Reason Core Security Free for Windows

There are┬áseveral malicious software waiting to attack your computer the moment you get a little low on your defense. A computer on Internet without an antivirus is sure to be infected within five – ten minutes of operation. The same is the case with adware. These are programs that show ads whenever you click on links or anything. They pop up out of nowhere and you do not even know how to deal with it if your antivirus cannot identify them. It is always advisable to use a second line of defense on all computers. One should be a regular antivirus and other should be a complementary anti-malware that can co-exist with the anti-virus.

One such defense is Reason Core Security. This free software offers its Standard Protection free of cost and comes to you from the makers of herdProtect and Should I Remove It.

This review of Reason Core Security free version helps you understand if it is worth using. Reason Core Security is lead by Andrew Newman, who was the co-founder of GIANT Company Software, which was acquired by Microsoft.

Reason Core Security Free

Reason Core Security review

Reason Core Security comes in two versions: Free and paid. Irrespective of which version you download, you get one full month of all functionalities as a trial. The installer will show you that you are downloading a trial version. If you downloaded the free version, some of the protections will stop functioning after the period of 30 days is over.

The free version does not include real-time protection and automated scanning. You can still continue to use it for scanning your Windows computer manually for second opinions. The real-time protection expires after the first 30 days trial period if you do not pay for the license. Likewise, the real-time protection against potentially unwanted programs, too is removed from the free version if you fail to upgrade. You can scan for both adware and PUPs manually though.

The software does work well when detecting adware. When you install it, it runs an initial scan to see if the computer is infected. If any are found, a full scan is recommended by the program and it can take much time if your primary drive is huge. It scans all the possible programs and places that are targets for adware and presents you with the results at the end of the scan.

We ran a scan on a system infected by adware. The computer’s browsers were directing links to different advertisements upon clicking links. Upon running Reason Core Security, it found some 20 instances of adware and removed it on its own.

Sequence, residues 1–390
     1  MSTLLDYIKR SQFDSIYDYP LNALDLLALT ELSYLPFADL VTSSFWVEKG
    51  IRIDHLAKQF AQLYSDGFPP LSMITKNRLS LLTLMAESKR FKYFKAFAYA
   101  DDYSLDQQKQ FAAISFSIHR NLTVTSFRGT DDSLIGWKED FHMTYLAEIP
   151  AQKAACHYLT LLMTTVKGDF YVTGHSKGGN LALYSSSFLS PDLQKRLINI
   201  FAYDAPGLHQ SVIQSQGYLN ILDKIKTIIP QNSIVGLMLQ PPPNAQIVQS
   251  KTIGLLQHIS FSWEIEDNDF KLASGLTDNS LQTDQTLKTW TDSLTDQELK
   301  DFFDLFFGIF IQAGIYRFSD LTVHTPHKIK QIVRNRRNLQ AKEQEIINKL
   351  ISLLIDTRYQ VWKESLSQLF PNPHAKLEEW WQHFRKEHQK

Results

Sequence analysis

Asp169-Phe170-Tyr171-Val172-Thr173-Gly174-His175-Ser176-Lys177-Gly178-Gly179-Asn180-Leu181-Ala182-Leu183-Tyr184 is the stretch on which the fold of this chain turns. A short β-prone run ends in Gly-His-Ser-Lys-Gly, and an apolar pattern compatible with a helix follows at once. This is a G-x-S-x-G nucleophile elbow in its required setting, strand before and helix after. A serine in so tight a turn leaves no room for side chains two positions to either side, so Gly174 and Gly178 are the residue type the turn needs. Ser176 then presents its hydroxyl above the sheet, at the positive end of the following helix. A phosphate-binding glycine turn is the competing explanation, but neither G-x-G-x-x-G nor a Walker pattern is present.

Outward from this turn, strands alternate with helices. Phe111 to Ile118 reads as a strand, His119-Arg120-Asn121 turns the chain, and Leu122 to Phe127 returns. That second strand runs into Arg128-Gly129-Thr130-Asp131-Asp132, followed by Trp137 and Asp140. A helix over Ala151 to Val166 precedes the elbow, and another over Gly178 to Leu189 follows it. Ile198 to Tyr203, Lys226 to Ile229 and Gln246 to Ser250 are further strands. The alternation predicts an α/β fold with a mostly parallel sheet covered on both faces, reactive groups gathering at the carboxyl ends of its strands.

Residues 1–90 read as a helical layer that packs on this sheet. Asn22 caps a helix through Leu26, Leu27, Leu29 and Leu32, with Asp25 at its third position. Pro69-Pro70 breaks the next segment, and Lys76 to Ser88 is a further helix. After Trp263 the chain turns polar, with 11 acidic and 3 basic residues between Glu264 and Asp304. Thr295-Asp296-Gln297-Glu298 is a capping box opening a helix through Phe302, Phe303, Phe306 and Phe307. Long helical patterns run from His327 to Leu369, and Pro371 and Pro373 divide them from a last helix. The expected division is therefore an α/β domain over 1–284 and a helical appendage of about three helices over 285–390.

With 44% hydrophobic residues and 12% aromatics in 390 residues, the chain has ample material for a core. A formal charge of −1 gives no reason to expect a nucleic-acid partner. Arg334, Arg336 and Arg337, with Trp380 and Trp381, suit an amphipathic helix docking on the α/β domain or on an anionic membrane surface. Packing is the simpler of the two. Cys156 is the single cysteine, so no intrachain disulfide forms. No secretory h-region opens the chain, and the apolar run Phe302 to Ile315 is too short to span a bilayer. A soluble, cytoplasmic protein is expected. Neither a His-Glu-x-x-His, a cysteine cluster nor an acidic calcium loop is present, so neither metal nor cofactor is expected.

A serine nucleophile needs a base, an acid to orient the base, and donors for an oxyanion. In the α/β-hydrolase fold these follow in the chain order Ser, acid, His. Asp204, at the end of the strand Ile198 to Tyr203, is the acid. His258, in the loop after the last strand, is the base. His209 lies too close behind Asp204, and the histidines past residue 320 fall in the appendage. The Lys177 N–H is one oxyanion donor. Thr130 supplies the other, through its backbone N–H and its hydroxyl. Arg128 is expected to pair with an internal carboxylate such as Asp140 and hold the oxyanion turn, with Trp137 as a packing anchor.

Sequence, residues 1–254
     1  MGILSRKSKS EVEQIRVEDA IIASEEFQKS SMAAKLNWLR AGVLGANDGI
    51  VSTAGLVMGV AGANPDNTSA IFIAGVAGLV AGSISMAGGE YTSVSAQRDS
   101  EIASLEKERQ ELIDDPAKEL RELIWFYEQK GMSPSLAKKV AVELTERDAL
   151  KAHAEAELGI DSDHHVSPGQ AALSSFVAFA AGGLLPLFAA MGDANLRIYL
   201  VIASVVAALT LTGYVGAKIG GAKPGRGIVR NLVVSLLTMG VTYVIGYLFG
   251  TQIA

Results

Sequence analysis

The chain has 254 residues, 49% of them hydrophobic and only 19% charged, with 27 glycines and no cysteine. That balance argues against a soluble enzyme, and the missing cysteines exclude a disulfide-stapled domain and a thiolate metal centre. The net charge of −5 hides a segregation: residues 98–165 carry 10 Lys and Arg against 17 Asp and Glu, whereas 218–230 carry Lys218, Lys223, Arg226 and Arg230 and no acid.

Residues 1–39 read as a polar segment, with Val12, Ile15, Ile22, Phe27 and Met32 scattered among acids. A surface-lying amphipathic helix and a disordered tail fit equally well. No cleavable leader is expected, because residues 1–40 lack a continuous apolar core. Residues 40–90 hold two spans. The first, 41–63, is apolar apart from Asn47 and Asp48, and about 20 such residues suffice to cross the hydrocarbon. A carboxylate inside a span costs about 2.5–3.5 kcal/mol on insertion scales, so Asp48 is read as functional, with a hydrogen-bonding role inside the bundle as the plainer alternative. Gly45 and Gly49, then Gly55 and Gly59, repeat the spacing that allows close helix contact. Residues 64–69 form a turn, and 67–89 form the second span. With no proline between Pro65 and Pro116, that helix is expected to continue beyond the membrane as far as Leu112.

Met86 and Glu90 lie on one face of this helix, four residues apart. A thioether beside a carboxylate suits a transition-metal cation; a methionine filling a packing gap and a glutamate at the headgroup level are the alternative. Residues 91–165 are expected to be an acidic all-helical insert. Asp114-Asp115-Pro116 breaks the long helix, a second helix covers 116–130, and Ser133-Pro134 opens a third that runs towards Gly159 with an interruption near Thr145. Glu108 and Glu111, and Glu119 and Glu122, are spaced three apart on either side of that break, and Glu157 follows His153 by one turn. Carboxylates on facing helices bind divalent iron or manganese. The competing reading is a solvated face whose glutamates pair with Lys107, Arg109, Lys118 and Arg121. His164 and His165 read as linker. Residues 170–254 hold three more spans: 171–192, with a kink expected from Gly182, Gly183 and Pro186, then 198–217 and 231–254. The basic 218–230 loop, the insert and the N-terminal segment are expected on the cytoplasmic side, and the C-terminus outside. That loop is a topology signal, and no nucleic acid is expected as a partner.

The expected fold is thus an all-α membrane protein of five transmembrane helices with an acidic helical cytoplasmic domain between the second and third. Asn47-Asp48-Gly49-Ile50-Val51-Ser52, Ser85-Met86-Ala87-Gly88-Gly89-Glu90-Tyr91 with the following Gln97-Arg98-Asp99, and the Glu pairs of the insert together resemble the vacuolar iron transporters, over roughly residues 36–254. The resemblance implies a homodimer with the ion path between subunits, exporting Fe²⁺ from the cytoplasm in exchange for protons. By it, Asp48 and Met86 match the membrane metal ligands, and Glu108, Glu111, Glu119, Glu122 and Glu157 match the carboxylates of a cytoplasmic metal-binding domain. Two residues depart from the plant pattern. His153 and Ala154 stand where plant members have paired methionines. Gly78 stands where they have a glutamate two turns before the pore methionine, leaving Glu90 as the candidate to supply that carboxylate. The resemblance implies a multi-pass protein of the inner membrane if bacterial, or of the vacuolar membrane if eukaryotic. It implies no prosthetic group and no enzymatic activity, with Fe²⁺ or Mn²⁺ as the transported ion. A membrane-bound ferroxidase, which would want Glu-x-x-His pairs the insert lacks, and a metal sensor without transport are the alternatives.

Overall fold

Coming to the potentially unwanted programs, when you try to install programs laced with PUPs, it gives you a warning. But this area of the program needs improvement. While trying to upgrade Java, that always has unwanted Ask toolbar, there was no interference from the program. That means the Reason Core Security failed to detect the Ask toolbar or maybe it is programmed to accept Ask toolbar as a normal program.

One useful feature of the program is the list of Startup items displayed. You can get it from the Tools options in the main window of the Reason Core. This is a bit dangerous for starters. I would not recommend anyone to use it unless they know what they are doing. Unlike other programs that just show the items listed in Startup group, this program shows all applications – including Windows secret programs, Windows Services and more. It detected some 700 plus items on my computer (See image below). Messing up here may cause your system to become unstable and you may end up having to reinstall the entire operating system again – so be very careful here!

Figure 3 - Auto Startup Programs in Reason Core Security Free

The program looks good to have, as a second opinion anti-malware scanner. You can download it from its home page.

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Anand Khanse is the Admin of, a 10-year Microsoft MVP Awardee in Windows (2006-16) & a Windows Insider MVP. Please read the entire post & the comments first, create a System Restore Point before making any changes to your system & be careful about any 3rd-party offers while installing freeware.


  1. Ed

    If memory serves me well, GIANT is the antivirus company the MS bought out and used the code to make Microsoft Security Essentials but for the life of me cannot remember what it was formerly called.
    I’ll give this a try, Thanks Anand.

  2. Yes. It was called Giant AntiSpyware, if I am not mistaken.

  3. Ed

    You are correct Anand

  4. Also you can download security software at

  5. Francis Kane

    I was desperate when I downloaded this. My computer was unusable with crapware. It took like an hour to do a full scan, found and removed a bunch of junk and everything works ok now.

  6. Klaus Wanwerstratten

    been using this for a month or so, pretty good affordable stuff and big advantage for me that it includes unchecky. I do use it together with Avast, both of them seem to get the job done right

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